Bishop Jaech’s letter on our political turmoil 1-14-21

Posted by on Jan 14, 2021 in Slider |

January 14, 2021 Dear Friends, Surrounded by turmoil and violence in our nation, it is more important than ever for Christ’s church to be a visible, public church. Filled with God’s grace and Spirit, we are set free to courageously bring God’s love, healing, and justice to all around us. In our Lutheran tradition, we describe ourselves this way: (I give thanks to Dr. Cynthia Moe-Lobeda, professor at Pacific Lutheran Theological Seminary, for summarizing our historical Lutheran teaching in the following framework.) We are God’s beloved. This is the first and most important truth about who we are. God treasures us and all people, not based on our performance, status, ethnicity, mindset, or wealth, but out of God’s infinite and unconditional love for every person and all creation. We are broken. Despite God’s constant, caring presence, we fear that we are alone in the world and that our safety and success depend on our own frantic efforts. Feeling threatened, we adopt “survival skills” that quickly include competition, manipulation, and violence. Captured by fear and distrust, our hearts, families, and communities break apart. We are bearers of God’s love, bringing healing and justice to all around us and to creation itself. Released from our fears and survival strategies by God’s grace, we are set free to love God, our neighbor, and creation in daily, concrete ways. As I look at all the turbulence around us, I feel called to make these specific faith commitments:  I will strive to see and treat each person I meet as one of God’s beloved, including those whose words and actions are unfamiliar or even abhorrent to me. With the Spirit’s help, I will see that, at their core, they are one of God’s dear ones. I will ask and expect that other people see and treat me as one of God’s beloved as well. When my own fears lead me to mistreat and demean others, I expect those around me to confront me, name my particular brokenness, and help me return to God’s way of compassion and justice. When I see another person mistreating and demeaning others, I will confront them, name their particular brokenness, and help them return to God’s way. I will oppose violence in every instance and will work to transform our conflict into honest, healing dialogue. I accept and support political advocacy, marches, and non-violent civil disobedience as legitimate means towards seeking justice within our democracy. However, violence towards people and institutions, such as we saw last week in the armed assault against our nation’s Capitol building and congressional leaders, is never to be tolerated. Those doing the violence and those encouraging them, including President Trump, must be held accountable and removed...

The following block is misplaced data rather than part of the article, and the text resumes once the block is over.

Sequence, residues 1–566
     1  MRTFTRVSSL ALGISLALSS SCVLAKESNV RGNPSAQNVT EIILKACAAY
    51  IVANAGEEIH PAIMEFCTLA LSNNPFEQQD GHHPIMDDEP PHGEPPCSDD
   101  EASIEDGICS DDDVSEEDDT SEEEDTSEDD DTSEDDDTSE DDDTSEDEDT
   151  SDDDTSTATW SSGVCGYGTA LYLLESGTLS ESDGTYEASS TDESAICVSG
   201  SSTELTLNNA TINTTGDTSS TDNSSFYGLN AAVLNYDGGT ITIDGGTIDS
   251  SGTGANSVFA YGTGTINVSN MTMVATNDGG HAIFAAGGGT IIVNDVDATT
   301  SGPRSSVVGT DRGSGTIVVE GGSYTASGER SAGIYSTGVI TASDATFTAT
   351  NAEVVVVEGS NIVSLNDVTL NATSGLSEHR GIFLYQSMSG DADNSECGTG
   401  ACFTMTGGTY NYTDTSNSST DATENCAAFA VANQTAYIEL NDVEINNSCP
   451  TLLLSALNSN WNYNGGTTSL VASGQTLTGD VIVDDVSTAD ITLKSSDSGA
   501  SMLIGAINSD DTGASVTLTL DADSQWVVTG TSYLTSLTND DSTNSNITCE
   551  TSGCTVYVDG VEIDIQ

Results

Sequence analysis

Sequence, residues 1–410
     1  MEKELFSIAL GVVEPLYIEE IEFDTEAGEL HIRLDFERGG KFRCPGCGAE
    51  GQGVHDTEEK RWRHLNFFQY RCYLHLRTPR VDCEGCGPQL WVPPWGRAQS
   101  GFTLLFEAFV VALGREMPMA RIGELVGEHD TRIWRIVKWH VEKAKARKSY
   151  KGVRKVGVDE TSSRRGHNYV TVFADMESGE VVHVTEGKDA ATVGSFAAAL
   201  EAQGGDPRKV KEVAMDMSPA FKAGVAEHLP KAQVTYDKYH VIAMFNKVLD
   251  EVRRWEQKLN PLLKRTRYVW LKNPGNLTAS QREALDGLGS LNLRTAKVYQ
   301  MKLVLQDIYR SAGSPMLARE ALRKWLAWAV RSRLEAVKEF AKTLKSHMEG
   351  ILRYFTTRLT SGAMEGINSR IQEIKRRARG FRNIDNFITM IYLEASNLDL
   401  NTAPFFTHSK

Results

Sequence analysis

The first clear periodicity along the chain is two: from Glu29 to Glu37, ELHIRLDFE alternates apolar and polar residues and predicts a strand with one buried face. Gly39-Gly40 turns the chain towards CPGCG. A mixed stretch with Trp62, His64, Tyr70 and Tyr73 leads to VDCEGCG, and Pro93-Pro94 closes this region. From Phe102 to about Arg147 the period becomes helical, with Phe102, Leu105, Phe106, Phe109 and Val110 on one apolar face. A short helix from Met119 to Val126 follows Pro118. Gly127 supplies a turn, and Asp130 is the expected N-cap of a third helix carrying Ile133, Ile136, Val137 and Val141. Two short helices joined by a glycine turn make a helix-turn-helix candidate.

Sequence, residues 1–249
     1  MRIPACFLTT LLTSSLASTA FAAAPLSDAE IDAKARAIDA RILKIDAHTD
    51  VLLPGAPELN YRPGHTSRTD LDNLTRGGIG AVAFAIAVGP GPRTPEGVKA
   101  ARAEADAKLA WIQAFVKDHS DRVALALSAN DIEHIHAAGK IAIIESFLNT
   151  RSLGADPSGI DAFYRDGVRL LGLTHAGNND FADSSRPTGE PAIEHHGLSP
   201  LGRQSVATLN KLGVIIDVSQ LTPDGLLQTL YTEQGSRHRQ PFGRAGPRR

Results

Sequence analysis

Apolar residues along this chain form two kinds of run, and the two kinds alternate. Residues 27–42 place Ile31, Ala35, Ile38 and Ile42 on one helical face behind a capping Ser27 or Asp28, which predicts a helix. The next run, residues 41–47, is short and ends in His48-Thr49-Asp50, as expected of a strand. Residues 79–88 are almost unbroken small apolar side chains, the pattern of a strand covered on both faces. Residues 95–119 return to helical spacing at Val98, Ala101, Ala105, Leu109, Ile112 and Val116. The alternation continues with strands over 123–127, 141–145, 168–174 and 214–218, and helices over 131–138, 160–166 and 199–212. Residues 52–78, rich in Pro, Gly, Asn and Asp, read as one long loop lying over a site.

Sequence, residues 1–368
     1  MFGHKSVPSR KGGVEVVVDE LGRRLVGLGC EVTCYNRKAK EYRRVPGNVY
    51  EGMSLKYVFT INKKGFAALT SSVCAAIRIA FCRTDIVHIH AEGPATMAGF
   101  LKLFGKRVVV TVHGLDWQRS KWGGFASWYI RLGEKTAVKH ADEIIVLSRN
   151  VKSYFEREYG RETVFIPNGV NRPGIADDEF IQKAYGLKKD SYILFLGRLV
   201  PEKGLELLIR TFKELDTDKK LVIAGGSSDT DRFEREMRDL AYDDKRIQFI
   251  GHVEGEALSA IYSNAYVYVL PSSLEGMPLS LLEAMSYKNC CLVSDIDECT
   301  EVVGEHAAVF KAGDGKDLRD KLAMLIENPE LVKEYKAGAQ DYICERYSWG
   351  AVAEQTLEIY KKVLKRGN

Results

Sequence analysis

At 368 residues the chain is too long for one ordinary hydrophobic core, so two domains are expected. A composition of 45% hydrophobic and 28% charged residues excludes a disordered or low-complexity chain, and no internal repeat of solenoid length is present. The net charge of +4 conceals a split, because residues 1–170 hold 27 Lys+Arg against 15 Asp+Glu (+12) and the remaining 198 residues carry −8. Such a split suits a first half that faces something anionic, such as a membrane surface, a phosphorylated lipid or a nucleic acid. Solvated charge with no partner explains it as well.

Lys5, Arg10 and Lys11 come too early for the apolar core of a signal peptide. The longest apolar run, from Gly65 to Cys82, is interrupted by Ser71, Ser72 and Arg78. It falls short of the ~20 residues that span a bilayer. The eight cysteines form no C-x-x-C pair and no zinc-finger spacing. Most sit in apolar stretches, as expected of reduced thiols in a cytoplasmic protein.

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Prayer for Civility in Public Discourse

Posted by on Nov 2, 2020 in Slider |

Prayer for Civility in Public Discourse, Pastors Baumann, Holy Trinity Lutheran Church, Port Angeles, March 2016  There have been many conversations among us sisters and brothers in Christ about the current loss of civility in public discourse, locally and nationally. We offer this prayer to you for your personal use and to share with others. Almighty God: Bless the public servants in the government of this town, Port Angeles, WA, that they may do their work in a spirit of wisdom, charity, and justice. Help them use their authority to serve faithfully and to promote our common life. Bless us, the citizens of this town that we, in times of conflict, engage one another without hatred or bitterness, that we listen for your voice amid competing claims, and that we work together with mutual forbearance and respect. Bless us, the voters in the upcoming presidential election. Help us elect trustworthy leaders, give us the wisdom to make the right choices for the benefit of our communities and inspire us to serve all our neighbors. Bless the leaders of our land that we may be at peace among ourselves, and a blessing to other nations of the earth. Gracious God:  Where hearts are fearful and constricted, grant courage and hope. Where anxiety is infectious and widening, grant peace and reassurance. Where impossibilities close every door and window, grant imagination and resistance. Where distrust twists our thinking, grant healing and illumination.  All these things we ask in the name of Jesus Christ, our Savior and Lord....

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